Coroner's Court of Western Australia

Inquest into the Suspected Death of Carlton Scott TITTUMS

Inquest into the Suspected Death of Carlton Scott TITTUMS

Delivered on: 10 September 2020

Delivered at: Perth

Finding of: Coroner Jenkin

Recommendations: N/A

Orders/Rules: N/A

Suppression Order: N/A

Summary : Mr Tittums was a deckhand on a commercial prawn trawler known as the Belo Star, which was at anchor off Carnarvon.  On 27 July 2011 Mr Tittums swam towards a dinghy that had been tied to the Belo Star, but which had broken free.  Observers on board the Belo Star lost sight of Mr Tittums as he swam towards the dinghy.  Mr Tittums has not been seen since and his body has never been recovered.  He was 34 years of age.

Mr Tittums was part of the crew on the Belo Star which had fished for prawns for four days and then dropped anchor off the Carnarvon coast.  A person who was not part of the crew of the Belo Star approached the vessel in a dinghy and saw Mr Tittums at the back of the vessel.  They had known each other for some years but had not seen each other for four or five years.  The man came on board the Belo Star and he and Mr Tittums chatted for about five minutes.  When Mr Tittums went to get something from the Belo Star’s galley, the man went to check on his dinghy and found that the rope attached it to the Belo Star had snapped and the dinghy had drifted away.  The man asked Mr Tittums to tie a length of rope the lifejacket he was wearing and then jumped into the sea and swam after his dinghy.  Mr Tittums tied several additional lengths of rope to the rope attached to the man’s lifejacket so he could keep swimming towards the dinghy.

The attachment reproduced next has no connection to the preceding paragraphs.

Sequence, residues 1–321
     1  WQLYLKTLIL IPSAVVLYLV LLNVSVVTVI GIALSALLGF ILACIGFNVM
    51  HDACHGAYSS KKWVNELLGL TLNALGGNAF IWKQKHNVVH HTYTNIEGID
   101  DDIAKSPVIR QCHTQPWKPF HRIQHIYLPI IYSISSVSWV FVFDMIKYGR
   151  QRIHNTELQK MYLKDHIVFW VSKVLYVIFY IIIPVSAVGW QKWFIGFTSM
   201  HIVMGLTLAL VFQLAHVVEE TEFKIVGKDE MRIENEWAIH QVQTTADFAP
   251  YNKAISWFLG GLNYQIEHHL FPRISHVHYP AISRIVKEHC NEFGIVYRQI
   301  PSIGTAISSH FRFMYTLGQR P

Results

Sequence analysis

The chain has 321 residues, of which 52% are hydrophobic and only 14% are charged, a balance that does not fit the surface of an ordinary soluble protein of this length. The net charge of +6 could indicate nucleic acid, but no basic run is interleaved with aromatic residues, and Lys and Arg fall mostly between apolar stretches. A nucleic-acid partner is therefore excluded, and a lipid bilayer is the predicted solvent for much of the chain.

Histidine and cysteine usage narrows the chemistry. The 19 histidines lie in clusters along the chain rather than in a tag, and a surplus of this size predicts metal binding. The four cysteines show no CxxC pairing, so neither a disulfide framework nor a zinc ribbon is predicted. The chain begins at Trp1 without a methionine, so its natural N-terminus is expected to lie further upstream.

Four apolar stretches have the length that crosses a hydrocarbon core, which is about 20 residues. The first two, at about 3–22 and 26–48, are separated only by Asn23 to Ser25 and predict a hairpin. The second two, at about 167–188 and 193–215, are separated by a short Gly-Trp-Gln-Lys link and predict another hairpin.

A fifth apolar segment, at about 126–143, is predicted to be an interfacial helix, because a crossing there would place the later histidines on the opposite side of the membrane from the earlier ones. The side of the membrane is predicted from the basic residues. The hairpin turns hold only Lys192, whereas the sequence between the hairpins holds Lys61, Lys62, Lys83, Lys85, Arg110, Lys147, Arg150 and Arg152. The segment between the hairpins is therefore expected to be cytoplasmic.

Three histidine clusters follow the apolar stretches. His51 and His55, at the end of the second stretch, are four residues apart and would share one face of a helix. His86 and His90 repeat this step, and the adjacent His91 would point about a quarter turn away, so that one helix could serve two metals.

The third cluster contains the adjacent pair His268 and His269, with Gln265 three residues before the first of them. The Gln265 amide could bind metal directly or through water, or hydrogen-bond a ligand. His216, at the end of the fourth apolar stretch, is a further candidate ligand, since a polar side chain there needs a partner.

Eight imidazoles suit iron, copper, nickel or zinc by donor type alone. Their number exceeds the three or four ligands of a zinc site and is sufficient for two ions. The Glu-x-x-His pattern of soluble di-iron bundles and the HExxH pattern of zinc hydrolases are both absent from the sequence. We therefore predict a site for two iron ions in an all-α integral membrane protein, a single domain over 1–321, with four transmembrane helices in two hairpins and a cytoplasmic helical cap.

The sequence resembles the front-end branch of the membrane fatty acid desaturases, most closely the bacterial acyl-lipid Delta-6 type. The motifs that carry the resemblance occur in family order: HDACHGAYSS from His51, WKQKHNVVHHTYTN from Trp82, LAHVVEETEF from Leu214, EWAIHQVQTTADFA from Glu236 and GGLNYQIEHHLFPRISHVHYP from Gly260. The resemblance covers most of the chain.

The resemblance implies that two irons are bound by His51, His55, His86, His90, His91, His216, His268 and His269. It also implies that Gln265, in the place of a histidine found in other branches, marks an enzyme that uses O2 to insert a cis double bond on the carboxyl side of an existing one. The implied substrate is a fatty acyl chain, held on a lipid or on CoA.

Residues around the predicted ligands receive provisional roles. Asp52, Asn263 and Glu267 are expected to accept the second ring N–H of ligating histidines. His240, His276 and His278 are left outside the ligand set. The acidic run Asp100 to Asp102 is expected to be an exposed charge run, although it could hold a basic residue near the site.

At about 2.00 pm on 27 July 20111, Mr Tittums jumped into the sea and started swimming towards the dinghy.  Meanwhile the dinghy owner pulled himself back to the Belo Star using the ropes attached to his lifejacket.  At first, Mr Tittums was swimming strongly, but after a while, he appeared to slow down.  The dinghy owner, who had been watching Mr Tittums, woke the skipper of the Belo Star and told him what had happened.  The skipper saw Mr Tittums in the water and contacted the local Volunteer Marine Rescue Group (VMR).  The skipper then woke the other deckhands on board the Belo Star and contacted the vessel’s fleet master to ask for assistance.  The skipper than started the Belo Star’s engine as the deckhands raised the anchor, intending to get as close to Mr Tittums as possible.  Unfortunately this was not possible because the water was too shallow in that area.

Police co-ordinated an extensive air, land and sea search for Mr Tittums over the period 28 – 30 July 2011, but no trace of Mr Tittums was found.  The search operation used rescue vessels, specialised flood boats from the local State Emergency Services Unit, fixed wing and rotary aircraft and two and four-wheel drive vehicles.

The Coroner was satisfied that evidence established beyond all reasonable doubt, that Mr Tittums was deceased and that he died after entering the waters of the Indian Ocean off Carnarvon.  However, on the basis of the evidence before him, the Coroner was unable to determine the cause of Mr Tittums’ death and made an Open Finding as to the manner of Mr Tittums’ death.

Catch Words : Missing Person : Land and Air Search : Open Finding

Last updated: 7-Dec-2023

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